Plentyfull is located at 9 Raffles Boulevard, #01-79/80 Millenia Walk, Singapore 039596, p. +65 6493 2997.

Open daily 10am-10.30pm.


This Keong Saik eatery is big on clean, plant-based foods which give you that healthy afterglow.

While you won’t get your meat fix here, you’ll find plenty of keto-friendly veggie options on the menu.

The signature Afterglow Kimchi Avo Rolls ($14) is filled with healthy fats like almond sushi ‘rice’ and avocado, while the Zucchini Linguine with Walnut ‘Minced Meat’ ($20) will satisfy all your carb-less pasta cravings.

Afterglow is located at 24 Keong Saik Road, Singapore 089131, p. +65 6224 8921.

Open Mon-Sat 12pm-10pm. Closed Sun.


Get naked with bunless burgers at Hans im Glück.

This charming burger hotspot is known for its beefy, delightfully messy burgers, which you can have on sourdough, multigrain bun, or sans bun if you’re ditching the carbs.

Pack in the good fats with the Avocado beef burger, topped with aged cheddar cheese and luscious avocado cream, or the Sommernacht, dripping with brie and grilled vegetable tartare.

Hans im Glück has outlets in Vivocity, Raffles Place, Boat Quay, and Orchard Road.

Click here for more location info.



Who says you can’t have your cake and eat it keto?

Singapore’s first fully keto bakery, Seriously Keto, offers a wide range of delicious yet diet-friendly bakes, made with almond flour, Swerve sweetener, and French butter.

The result is KetoBuns ($8.90 for 2) with a perfectly fluffy texture, luscious zero-sugar cupcakes in flavours like red velvet, and even Thai iced tea ($6.50) which hits the sweet spot.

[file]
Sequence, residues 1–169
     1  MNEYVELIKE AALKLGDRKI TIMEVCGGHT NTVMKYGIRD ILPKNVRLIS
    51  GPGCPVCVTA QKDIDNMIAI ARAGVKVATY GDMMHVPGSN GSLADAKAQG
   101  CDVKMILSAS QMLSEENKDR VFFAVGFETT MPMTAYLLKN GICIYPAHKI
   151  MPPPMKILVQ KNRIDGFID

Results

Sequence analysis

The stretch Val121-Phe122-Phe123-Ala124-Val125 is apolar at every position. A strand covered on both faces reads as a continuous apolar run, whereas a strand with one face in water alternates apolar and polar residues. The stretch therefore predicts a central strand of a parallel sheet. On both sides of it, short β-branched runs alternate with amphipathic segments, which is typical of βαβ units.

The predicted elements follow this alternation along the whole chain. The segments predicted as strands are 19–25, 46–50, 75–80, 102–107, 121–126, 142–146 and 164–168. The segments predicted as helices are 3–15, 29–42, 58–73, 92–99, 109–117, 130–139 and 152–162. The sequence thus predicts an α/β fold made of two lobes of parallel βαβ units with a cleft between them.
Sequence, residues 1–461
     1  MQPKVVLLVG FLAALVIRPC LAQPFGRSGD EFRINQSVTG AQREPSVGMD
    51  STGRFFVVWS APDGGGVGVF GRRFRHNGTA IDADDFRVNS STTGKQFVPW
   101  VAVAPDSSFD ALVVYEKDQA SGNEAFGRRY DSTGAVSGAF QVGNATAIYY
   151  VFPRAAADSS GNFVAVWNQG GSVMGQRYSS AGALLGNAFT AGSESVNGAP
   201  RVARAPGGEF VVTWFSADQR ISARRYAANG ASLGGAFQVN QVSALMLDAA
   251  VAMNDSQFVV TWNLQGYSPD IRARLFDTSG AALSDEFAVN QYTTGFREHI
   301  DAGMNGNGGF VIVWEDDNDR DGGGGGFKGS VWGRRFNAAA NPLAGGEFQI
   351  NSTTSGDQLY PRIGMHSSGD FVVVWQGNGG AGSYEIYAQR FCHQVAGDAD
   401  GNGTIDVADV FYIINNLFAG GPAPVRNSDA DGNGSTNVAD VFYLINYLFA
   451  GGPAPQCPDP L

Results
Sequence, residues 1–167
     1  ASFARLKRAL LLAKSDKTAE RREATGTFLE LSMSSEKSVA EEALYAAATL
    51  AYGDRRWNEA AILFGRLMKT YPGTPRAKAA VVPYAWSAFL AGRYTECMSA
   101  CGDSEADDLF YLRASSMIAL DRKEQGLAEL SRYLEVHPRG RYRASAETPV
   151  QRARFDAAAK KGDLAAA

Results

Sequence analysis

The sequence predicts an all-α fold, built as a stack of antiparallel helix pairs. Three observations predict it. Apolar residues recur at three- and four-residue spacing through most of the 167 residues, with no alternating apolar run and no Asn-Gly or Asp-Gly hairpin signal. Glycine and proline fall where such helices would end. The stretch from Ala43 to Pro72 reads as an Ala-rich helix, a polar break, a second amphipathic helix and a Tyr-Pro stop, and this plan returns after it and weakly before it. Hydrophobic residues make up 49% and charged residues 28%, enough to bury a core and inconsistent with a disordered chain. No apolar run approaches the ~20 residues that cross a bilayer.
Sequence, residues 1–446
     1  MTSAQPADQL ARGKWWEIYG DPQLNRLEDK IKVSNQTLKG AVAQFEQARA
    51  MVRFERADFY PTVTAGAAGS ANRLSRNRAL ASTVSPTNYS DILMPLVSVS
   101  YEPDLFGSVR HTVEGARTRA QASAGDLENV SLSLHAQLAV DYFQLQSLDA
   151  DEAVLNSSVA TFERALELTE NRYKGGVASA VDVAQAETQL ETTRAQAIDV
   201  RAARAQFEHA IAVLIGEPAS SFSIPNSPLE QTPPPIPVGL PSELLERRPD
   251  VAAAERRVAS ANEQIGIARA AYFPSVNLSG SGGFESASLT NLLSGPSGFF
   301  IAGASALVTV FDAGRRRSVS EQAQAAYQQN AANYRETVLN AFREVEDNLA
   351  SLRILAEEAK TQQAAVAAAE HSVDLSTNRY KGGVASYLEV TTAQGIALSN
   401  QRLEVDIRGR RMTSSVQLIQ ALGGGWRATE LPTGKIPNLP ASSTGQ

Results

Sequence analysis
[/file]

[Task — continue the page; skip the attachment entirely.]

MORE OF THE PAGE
Seriously Keto is located on 32 Seah Street, Singapore 188388, p. +65 9838 4047.

Open Mon-Sat 10.30am-6.30pm, Sun 10.30am-2.30pm.


With Delcie’s keto-friendly sweet treats, you hardly need mourn your ex- sugary loves.

This confectionery whips up nutty ice-cream cakes with a carb count of only 7g, along with a scrumptious range of cookies and chocolate bars.

Delcie’s even does a healthy interpretation of the beloved Ferrero Rocher, with the Vegan Keto Rochers Chocolate Gianduja Balls ($60/16-piece box).

Delcie’s Desserts and Cakes is located at Blk 34 Whampoa West #01-83, Singapore 330038, p. +65 6282 2951.

Open Tues-Sun 11am-8pm. Closed Mon.


Recreating something as light and fluffy as Japanese cheesecake seems impossible without regular flour and sugar, but Kekito Bakery pulls off this feat perfectly.

Its specialty Japanese Yuzu Cotton Cheesecake ($32-$95) is a featherlight concoction of low-carb flour and natural sugar substitutes, weighing in at only 1.3g net carbs per slice.

You can also indulge in a matcha-flavoured version, or the heavier, creamier Original Rare Cheesecake ($46-$79.50).

Kekito Bakery is located at 809 French Road, Kitchener Complex Mahota Kitchen, Level 3, Singapore 200809, p. +65 8774 7237.

Open daily 10am-9pm.


Snacking is almost synonymous with high-carb unhealthiness, but BenBanter is trying to change that.

This keto-powered snack brand offers an incredible spread of grain-free and sugar-free crackers, bars, and granola.

Crunch down on their zingy Keto Cheese Puffs ($35 for a box of 10) or Cayenne Pepper Seeded Crackers ($11.50) the next time your diet-killing cravings strike.

BenBanter products are available online and at various stockists across Singapore.


SuperPop’s mission is to get you popping the good fats with nutrient-dense, sugar-free snacks and desserts.

Decadent delights include the Goldenspice Chia Pudding ($6.80) and the Intense Choc Fudge ($6.80), a velvety fudge ingeniously made from avocados and cocoa butter.

Pizza lovers can even put together your own pie with their almond-flour Cheesy Pizza Base ($12.90).